Coney Island High

Apr 12, 2006 at 12:00 am

Leo's, located on Main Street in downtown Royal Oak, is the archetypal suburban coney island. Bright and clean and filled with a fleet of cushy booths stocked with condiments, it offers a tasty lineup of coney dog classics, Greek specialties, melt sandwiches and breakfast plates 24 hours a day, seven days a week. On a recent weekend evening, steam drifts out of its open kitchen area as the cooks crank out orders with military precision. Clatter from dinnerware and brown porcelain coffee cups mixes with the amicable chatter of seven or eight teenage waitresses, who flit smiling about the restaurant with their ever-present menu pads and coffeepots. A colorful mural commemorating the 2004 Athens Olympics stretches across one wall, while, across the way, Leo's smoking section teems with kids in black hoodies with darting eyes.

A Little League dad reads the paper over soup, and a couple in the next booth chuckles at their young daughter's french fry construction site. Desserts preen from inside a rotisserie. Leo's, like all coney islands, is a greasy spoon romance in perpetual motion, a little shifting heaven of comfort food and everyday people. Big-brand fast food can't compete with the coney island's zest for both life and chili dogs.

"You know, at some coneys, the murals mix Greek mythology with coney mythology," Mark Graham says, motioning toward the painting on Leo's south wall. "Like, instead of a lightning bolt, Zeus might brandish a giant hot dog covered in chili."

By day Graham is Uncle Grambo, proprietor of the popular blog, where he regularly riffs on music, media and celebrity junk-culture high jinks. His site is part of the blogosphere revolution of 2003 and 2004, when a few visionary types began to really capitalize on Internet self-publishing's potential for grassroots snark and first-person championing and lampooning. Why wait for some movie studio or monthly rag to tell you what's cool, or worse, try to sell it to you? Guys like Grambo make their own decisions, blog about them, and get the whole Internet chatting about the results. Nowadays, his language is known — and often nicked. Grambo's loves are "so best," anything you should've figured out already is "obvs," and the truly criminal pop culture navel lint gets tagged "wurst," as in (Fred) Durst.

Whatevs clocks more than 100,000 visitors a month, and was named No. 3 Best Blog by the readers of Spin magazine in 2005. It is, as Grambo might say, "so best."

But beyond his blog, Graham is a lifelong Detroit-area resident, and an avowed coney enthusiast. (On Whatevs, each episode of Saturday Night Live receives a rating based on how many coneys it merits.) Lafayette Coney in downtown Detroit tops Graham's list for the ultimate coney experience — the landmark institution whose seamless blend of character and quality is "untainted."

"I love that Lafayette has kept it pure," he says. "No handwriting; it's all in their heads."

Graham also gives high marks to the National and Leo's chains. However, there are distinctions. "National has a good mix going with the chili-and-mustard ratio — mustard is the unsung hero of the chilidog combination — while Leo's sometimes has problems with the onions. They're not diced enough. You want flavor, not to be chewing away on a big flat onion." Like a true coney fiend, Graham is meta about his meal.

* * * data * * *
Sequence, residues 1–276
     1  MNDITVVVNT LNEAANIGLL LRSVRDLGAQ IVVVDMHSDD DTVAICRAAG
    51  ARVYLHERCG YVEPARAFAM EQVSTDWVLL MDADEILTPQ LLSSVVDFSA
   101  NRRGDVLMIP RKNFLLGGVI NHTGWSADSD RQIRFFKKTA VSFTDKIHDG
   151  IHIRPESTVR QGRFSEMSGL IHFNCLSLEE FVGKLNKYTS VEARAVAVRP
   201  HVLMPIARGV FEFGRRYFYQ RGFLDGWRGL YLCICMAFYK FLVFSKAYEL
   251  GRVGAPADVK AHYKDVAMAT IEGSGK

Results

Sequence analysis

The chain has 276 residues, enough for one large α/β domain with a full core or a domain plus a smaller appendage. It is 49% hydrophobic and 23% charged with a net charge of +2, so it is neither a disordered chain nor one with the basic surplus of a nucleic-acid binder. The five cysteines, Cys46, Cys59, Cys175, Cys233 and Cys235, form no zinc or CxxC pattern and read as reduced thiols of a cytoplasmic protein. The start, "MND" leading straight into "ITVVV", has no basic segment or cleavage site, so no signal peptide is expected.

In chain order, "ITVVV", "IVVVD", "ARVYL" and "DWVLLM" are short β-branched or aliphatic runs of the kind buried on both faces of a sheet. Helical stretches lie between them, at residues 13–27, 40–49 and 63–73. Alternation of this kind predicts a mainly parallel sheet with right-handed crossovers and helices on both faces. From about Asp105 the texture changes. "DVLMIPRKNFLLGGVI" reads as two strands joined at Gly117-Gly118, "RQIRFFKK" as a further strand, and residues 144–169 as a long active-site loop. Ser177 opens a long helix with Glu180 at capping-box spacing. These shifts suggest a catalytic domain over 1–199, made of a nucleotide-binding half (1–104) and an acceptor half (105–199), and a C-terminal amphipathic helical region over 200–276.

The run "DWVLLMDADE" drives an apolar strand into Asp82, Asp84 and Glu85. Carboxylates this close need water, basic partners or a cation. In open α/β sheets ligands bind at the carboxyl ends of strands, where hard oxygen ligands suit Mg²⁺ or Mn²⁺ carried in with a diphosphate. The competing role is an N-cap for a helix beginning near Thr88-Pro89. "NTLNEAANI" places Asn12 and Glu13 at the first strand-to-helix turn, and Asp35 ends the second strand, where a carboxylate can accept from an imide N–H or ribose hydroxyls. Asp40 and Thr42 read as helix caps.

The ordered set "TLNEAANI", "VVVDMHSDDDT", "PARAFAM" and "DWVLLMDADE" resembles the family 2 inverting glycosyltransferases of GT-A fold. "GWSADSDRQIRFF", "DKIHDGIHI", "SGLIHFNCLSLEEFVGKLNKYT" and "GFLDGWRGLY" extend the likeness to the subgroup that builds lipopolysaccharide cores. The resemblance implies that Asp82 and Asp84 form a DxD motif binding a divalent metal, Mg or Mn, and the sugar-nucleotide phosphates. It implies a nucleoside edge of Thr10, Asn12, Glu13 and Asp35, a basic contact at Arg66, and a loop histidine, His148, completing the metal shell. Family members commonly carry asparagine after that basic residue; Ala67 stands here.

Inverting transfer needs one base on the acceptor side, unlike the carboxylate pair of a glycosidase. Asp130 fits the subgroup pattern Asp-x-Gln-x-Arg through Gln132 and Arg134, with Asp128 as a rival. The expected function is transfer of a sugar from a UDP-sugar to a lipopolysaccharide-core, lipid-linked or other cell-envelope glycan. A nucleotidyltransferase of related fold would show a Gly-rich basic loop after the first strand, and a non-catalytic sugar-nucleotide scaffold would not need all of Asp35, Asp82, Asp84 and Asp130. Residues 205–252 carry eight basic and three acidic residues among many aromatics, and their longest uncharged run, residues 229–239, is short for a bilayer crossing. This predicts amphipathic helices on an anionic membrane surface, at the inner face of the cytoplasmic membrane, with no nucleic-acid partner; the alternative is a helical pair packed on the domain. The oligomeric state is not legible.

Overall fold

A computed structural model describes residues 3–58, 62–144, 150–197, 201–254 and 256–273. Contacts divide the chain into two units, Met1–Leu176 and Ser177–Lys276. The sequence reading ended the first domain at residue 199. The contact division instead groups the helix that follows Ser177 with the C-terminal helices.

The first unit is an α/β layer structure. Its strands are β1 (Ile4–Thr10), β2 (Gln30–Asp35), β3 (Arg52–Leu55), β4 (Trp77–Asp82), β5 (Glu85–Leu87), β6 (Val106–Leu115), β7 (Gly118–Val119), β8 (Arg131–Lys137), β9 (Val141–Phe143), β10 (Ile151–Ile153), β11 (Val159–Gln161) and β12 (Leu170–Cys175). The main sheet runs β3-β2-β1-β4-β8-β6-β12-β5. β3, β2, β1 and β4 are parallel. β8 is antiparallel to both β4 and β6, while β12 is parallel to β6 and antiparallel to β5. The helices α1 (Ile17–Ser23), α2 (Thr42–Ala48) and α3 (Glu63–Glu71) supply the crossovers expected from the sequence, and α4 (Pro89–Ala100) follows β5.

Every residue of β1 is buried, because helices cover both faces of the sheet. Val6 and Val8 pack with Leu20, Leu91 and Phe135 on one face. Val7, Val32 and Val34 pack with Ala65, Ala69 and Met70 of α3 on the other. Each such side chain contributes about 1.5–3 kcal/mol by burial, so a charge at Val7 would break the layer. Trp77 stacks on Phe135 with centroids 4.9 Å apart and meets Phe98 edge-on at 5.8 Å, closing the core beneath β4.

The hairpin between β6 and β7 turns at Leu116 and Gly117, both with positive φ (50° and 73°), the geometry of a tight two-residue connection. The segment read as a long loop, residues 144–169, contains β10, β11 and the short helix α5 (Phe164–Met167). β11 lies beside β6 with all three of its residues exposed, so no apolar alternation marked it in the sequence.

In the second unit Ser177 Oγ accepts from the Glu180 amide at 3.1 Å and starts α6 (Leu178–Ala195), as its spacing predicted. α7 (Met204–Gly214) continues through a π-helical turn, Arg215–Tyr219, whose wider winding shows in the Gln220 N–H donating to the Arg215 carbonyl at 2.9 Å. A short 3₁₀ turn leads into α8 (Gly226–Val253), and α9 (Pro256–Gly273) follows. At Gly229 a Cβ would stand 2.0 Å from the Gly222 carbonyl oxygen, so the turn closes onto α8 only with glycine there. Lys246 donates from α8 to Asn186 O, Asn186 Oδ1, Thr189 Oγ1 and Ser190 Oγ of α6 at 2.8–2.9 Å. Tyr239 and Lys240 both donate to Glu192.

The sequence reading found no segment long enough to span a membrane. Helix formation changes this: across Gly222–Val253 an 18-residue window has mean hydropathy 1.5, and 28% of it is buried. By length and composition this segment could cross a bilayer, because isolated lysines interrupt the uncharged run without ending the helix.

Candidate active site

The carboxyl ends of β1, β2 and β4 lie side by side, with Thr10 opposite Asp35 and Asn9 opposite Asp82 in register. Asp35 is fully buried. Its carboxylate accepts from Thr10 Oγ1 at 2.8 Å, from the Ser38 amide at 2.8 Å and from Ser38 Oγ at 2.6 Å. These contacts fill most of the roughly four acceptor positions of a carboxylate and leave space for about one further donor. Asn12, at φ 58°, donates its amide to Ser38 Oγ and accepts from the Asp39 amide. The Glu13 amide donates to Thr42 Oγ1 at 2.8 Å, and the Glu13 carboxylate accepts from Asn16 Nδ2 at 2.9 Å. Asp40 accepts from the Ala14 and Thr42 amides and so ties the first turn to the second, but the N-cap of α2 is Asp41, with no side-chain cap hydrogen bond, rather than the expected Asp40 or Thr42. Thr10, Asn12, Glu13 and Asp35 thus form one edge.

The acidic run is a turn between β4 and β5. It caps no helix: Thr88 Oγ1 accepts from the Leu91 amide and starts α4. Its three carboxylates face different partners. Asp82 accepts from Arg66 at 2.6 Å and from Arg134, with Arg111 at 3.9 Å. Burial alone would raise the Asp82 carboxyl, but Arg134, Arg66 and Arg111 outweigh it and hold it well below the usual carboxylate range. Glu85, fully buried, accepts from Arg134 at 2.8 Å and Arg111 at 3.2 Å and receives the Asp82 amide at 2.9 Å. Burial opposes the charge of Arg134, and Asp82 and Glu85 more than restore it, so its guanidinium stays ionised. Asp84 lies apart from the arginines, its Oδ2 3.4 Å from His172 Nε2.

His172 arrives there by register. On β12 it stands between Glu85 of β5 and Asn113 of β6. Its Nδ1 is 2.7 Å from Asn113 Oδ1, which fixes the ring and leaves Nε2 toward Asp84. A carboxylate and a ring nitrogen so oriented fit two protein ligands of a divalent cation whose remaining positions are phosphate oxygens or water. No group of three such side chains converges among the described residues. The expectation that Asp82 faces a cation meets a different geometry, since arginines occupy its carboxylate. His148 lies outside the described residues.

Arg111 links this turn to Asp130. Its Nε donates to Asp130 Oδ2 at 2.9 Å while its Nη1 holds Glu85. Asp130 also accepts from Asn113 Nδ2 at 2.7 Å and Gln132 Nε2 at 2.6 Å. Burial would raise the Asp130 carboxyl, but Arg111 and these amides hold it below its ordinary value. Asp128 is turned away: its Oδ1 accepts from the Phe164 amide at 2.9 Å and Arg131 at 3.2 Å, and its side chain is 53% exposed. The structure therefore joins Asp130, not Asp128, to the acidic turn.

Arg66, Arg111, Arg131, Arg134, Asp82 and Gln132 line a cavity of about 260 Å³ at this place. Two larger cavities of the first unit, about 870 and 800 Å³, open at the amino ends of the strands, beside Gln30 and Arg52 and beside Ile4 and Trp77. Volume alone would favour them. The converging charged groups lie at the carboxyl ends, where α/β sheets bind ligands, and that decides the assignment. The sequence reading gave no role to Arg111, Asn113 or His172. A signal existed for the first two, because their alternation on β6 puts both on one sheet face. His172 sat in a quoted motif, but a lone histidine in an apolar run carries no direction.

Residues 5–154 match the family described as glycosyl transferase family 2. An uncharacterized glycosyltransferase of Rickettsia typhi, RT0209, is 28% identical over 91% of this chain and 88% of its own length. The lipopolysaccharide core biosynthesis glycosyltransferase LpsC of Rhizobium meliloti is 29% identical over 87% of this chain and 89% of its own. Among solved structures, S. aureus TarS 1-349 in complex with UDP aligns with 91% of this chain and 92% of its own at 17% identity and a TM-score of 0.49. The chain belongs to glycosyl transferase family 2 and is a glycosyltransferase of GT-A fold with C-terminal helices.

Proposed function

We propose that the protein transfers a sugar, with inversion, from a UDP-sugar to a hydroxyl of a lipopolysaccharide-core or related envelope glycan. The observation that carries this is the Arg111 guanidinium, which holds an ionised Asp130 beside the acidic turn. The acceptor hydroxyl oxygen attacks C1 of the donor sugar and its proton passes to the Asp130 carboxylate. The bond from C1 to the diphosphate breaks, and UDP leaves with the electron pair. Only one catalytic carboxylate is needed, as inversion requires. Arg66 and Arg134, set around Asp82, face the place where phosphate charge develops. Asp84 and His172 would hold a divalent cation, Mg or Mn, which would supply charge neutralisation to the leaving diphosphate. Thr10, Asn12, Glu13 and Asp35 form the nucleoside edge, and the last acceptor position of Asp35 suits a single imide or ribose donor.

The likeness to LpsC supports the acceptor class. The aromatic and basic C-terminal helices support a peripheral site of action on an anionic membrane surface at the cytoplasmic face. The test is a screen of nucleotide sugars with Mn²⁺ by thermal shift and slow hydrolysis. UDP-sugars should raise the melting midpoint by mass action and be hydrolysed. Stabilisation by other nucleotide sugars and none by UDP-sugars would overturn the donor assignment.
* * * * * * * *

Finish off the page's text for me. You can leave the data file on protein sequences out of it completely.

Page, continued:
A pretty young waitress with braces and a shy grin takes our order. As we wait, the conversation turns toward "coney fluffing" — the art of preparing your coney with the tines of a fork, blending the chili, mustard and onions into a satisfying morass of yummy brown goo that smothers the bun and dog. There's also the proper coney eating position — elbows out, with mouth aligned over the small plate to catch valuable chili runoff. It's also revealed that you can't eat a coney while standing up.

A coney with a side of chili-cheese fries, washed down with ice-cold Coke in a red plastic tumbler — that's a meal. But it's much more than its famous chili zing, the mustard tang and that terrific snap as your teeth tear through the perfectly cooked dog. The coney with everything is also a cultural signifier dressed up in red, brown and yellow. It's the drunk's sustenance at 3 a.m., worlds better than a booty call because it's totally hot but never lets you down. But the coney is also a friend to shift workers, ready to provide at any time, day or night. For kids it's a first meal after their mother's nipple, for families it's a reasonable and satisfying Saturday lunch, and for the city it's a culinary treasure, a point of civic pride. The coney dog won't quit, and the coney island restaurant is forever open, serving and friendly. If the coney dog ran for governor, it would win the election in a flavorful landslide of chili and diced white onions.

"For a lot of people, probably in a lot of other cities, their comfort food is pizza," Graham says at the end of the "meal." "But for me it's the coney dog. I always feel better after eating one. There's just something so inherently soothing about it." And he's right. Coney islands have pepper-and-egg sandwiches, chicken breasts and melting monte cristos. But at the center of it all is the signature, smothered dog. It's the foundation that weighs in all of our guts like a good, if not sometimes questionable, decision made.

Johnny Loftus is a freelance writer. Send comments to [email protected]